The Monty Python ‘Silly Walk’ Is Actually Great Exercise, A Very Serious Study Finds
We’re always looking for shortcuts to getting in shape, but the best one might be more obvious and embarrassing than previously thought. It’s not about working out in a sauna suit or at intense intervals — you just have to be willing to walk around like a complete idiot.
The Holy Grail of low-effort exercise can be found in a Monty Python sketch dating back to 1970, featuring Mr. Teabag (John Cleese) and Mr. Putey (Michael Palin) as the legs and feet behind the Ministry of Silly Walks.
For those unfamiliar with an exaggerated “Mr. Teabag walk,” researchers from the University of Virginia, Kansas State University and Arizona State University conveniently outlined it in a diagram in a recent study:
Moreover, they monitored the walks of 13 healthy adults (six women and seven men) across three different five-minute courses — one with a normal walk; one with a slightly goofy “Putey walk”; and one with an unhinged Mr. Teabag walk. After analyzing the participants’ speed, oxygen uptake, energy expenditure and exercise intensity, they found that Mr. Teabag walking resulted in two-and-a-half times as much energy expenditure as regular walking.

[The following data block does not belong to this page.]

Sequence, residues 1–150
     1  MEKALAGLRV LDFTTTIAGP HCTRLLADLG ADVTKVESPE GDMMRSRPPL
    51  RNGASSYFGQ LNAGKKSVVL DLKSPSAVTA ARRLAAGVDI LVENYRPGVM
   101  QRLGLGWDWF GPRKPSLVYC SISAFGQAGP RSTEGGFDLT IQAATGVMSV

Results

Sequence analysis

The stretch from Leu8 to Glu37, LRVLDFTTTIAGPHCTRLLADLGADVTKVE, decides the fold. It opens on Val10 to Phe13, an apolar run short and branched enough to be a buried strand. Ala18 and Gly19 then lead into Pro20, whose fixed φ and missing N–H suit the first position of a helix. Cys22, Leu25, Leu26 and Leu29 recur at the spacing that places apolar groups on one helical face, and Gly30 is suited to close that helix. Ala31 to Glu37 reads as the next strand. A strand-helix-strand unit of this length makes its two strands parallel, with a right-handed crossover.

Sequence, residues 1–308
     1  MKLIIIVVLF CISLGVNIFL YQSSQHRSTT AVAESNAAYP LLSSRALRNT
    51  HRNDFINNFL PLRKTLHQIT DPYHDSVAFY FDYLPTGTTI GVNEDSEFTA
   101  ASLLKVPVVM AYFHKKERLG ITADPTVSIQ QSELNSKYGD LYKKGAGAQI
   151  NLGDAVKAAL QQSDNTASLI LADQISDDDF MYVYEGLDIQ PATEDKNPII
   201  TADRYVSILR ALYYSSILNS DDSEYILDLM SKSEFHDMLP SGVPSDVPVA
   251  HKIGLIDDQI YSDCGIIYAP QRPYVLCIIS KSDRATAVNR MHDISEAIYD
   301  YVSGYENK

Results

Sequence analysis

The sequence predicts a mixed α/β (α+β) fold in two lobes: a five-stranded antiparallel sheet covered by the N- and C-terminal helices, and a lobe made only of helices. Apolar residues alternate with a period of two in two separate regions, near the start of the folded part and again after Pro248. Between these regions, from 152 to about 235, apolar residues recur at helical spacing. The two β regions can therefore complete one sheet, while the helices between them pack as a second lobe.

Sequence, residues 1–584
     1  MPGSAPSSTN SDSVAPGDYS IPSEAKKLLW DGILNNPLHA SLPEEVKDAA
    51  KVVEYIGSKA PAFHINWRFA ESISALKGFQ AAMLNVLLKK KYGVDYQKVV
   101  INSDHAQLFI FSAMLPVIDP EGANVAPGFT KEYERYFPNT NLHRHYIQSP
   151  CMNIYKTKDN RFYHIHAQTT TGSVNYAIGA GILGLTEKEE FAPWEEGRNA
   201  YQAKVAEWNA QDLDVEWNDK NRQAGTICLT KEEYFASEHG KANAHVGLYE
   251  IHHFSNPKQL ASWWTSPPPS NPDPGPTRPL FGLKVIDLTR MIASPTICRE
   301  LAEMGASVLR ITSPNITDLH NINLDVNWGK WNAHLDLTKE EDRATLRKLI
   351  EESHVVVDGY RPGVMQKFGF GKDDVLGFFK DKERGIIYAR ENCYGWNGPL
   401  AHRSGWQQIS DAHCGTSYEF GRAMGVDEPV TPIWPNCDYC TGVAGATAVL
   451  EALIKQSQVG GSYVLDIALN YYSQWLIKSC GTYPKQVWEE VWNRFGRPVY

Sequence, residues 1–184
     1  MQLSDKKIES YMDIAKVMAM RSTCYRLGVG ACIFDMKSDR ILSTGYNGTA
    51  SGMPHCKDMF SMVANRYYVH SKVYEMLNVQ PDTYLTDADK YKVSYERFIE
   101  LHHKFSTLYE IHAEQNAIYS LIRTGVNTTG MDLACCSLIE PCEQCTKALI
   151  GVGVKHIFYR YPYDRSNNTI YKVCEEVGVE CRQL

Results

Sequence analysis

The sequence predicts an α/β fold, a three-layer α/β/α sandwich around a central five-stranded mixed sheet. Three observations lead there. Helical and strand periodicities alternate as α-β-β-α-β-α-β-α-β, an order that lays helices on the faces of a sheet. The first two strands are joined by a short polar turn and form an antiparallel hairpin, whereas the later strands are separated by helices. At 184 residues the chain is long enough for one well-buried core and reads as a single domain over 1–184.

Admittedly, the findings were published in the British Medical Journal’s Christmas Issue, which historically has a humorous bent, but they’re still grounded in science rather than satire. To that end, the study authors earnestly point out that “adults could achieve 75 minutes of vigorous intensity physical activity per week by walking in Teabag style — rather than their usual style — for about 11 minutes per day.”
They similarly recommend that substituting regular walking with “Teabag-style steps” for about 12 to 19 minutes a day would increase daily energy expenditure by approximately 100 kilocalories. “Half a century ago, the Ministry of Silly Walks skit might have unwittingly touched on a powerful way to enhance cardiovascular fitness in adults,” the researchers concluded. “Increasing the inefficiency of physical activity and movement that we already perform (thereby requiring no further time commitment) might complement other public-health efforts to promote regular physical activity in a joyful way. Efforts to boost cardiovascular fitness should embrace inclusivity and inefficiency for all.”
So if you’re looking to skip the gym but stay in shape, walking Teabag-style might make you look ridiculous, but also swole as hell.